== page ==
Course Structure

The MBChB equips you with the valuable attributes and attitudes required for modern medical practice and your future clinical career

Foundation of Medicine

In Year 1, you will be based primarily at the University. Through eleven 2-week PBL modules, you will be introduced to key concepts in biomedical and social science, and learn about normal structure and function of the human body. You will receive a thorough grounding in basic clinical skills (examinations, procedures and techniques) and undertake extensive communication skills training to prepare you for patient contact in Years 2-5.

Each PBL module spans a two week period and a typical timetable for each PBL module looks like this: 

  • Monday: Lecture, PBL, Self-study
  • Tuesday: Lecture, CALC, Self-study
  • Wednesday: Lectures, Self-study
  • Thursday: Lecture, Clinical Skills, Self-study
  • Friday (Week 1): Lecture, CMP, Self-study
  • Friday (Week 2): Lecture, PBL, Self-study
  MonTuesWedThursFri
Week 1 Lecture
PBL
Self-study
Lecture
CALC
Self-study
Lectures
Self-study
Lecture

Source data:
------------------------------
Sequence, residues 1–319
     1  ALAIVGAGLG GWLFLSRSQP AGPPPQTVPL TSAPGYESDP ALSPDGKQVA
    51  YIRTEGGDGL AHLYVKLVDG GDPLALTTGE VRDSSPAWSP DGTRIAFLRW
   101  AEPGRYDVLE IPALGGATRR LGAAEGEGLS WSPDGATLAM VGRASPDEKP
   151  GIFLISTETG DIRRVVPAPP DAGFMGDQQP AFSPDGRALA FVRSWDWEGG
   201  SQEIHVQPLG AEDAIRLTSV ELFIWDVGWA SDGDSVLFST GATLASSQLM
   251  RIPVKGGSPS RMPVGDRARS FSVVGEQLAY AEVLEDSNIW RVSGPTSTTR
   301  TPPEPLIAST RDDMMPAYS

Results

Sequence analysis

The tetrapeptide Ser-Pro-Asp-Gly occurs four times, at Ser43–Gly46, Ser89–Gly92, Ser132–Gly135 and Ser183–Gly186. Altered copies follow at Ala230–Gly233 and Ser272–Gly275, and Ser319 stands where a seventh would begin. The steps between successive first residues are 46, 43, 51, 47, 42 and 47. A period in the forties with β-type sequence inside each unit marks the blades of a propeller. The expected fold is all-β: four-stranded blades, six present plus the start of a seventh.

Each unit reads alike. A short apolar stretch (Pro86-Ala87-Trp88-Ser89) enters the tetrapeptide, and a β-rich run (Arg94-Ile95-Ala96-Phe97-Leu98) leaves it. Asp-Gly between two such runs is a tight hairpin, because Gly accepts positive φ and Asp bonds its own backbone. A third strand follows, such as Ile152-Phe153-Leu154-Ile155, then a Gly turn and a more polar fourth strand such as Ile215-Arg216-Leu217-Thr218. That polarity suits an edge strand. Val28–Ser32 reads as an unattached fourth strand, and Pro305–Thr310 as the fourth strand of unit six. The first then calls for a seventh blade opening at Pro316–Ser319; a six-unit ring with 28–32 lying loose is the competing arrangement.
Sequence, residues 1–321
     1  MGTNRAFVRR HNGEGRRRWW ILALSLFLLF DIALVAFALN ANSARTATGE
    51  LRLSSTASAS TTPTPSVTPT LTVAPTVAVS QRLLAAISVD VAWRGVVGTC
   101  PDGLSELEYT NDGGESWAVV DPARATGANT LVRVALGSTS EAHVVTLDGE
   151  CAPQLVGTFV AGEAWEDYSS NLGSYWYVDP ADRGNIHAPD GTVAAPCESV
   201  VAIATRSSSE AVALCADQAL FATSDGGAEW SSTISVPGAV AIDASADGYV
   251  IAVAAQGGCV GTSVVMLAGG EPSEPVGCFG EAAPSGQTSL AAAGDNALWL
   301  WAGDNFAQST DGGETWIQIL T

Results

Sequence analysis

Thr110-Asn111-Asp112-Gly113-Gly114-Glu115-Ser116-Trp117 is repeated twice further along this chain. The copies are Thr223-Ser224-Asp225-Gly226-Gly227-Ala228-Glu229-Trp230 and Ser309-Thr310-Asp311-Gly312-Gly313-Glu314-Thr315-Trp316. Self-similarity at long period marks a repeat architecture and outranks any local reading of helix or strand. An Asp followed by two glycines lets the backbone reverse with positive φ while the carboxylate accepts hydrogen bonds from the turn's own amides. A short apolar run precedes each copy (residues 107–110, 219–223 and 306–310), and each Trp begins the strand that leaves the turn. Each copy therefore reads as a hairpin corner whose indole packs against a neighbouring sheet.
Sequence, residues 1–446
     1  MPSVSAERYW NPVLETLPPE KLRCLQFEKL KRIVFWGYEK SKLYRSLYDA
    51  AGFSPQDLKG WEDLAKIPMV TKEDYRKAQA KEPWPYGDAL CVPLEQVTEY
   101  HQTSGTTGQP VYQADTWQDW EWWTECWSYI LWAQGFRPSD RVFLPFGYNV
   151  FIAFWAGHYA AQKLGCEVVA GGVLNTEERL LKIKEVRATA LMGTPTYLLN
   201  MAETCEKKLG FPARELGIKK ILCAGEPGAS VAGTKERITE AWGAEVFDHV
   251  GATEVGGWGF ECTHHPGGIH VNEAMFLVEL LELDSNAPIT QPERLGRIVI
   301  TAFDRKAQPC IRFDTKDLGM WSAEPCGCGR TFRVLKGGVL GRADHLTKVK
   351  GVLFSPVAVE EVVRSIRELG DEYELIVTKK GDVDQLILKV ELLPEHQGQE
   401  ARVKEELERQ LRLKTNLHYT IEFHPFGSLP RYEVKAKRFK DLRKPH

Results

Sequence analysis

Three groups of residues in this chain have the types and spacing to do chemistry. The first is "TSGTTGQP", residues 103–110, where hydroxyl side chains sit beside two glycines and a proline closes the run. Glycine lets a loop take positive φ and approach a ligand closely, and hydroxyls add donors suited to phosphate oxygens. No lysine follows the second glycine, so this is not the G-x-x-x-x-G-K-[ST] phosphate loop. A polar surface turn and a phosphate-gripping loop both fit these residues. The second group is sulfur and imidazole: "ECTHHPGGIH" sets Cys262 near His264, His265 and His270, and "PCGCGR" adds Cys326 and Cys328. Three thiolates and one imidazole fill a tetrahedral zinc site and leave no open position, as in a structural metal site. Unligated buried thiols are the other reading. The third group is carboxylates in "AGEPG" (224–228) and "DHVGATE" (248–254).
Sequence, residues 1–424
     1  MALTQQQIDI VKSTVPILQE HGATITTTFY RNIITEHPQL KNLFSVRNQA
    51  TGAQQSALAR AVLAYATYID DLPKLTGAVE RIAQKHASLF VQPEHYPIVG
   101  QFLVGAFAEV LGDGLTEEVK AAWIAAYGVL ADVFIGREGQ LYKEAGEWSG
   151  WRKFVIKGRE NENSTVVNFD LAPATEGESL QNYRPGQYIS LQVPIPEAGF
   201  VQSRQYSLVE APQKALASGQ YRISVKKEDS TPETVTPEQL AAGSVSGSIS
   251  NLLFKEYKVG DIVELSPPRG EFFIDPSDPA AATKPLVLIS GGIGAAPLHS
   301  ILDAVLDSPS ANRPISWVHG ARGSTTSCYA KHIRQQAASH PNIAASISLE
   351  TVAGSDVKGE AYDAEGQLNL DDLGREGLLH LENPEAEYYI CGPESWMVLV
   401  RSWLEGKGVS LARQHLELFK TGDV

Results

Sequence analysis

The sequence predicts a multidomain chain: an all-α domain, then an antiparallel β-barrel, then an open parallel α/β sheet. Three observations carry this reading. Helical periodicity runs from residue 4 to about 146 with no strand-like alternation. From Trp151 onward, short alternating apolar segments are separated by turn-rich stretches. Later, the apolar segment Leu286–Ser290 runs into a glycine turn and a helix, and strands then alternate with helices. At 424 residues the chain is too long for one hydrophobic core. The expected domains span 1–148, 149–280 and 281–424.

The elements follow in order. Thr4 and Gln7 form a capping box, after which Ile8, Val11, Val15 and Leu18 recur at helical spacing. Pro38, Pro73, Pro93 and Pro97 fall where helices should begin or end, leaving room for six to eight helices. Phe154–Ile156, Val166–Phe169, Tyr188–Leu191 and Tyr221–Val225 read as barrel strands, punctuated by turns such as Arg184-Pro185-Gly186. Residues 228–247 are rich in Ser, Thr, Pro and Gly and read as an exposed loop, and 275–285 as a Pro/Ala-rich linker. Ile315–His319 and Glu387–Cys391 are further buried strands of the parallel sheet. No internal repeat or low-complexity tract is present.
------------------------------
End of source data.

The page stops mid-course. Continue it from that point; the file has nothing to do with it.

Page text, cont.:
Clinical Skills
Self-study
Lecture
CMP
Self-study
Week 2 Lecture
PBL
Self-study
Lecture
CALC
Self-study
Lectures
Self-study
Lecture
Clinical Skills
Self-study
Lecture
PBL
Self-study

PBL: Problem Based Learning

CALC: Clinical Anatomy Learning Centre

CMP: Communication for Medical Practice

SSM1

In Year 1, you will complete a Study Skills Module that will prepare you for Special Study Modules and other coursework in subsequent years. Over the course of four weeks, you will explore subject areas beyond the normal core curriculum, developing key skills in information retrieval, critical appraisal of information sources and report-writing. You will work closely with academic staff who will guide and support you through SSM1.

Community Attachment

In year one students get early patient contact in primary care when they visit several local GP practices. Under the supervision of GP tutors, they meet expert patients to discuss experiences of healthcare, considering the implications of multimorbidity and chronic disease in the community, and deepening their understanding from previous learning in PBL sessions.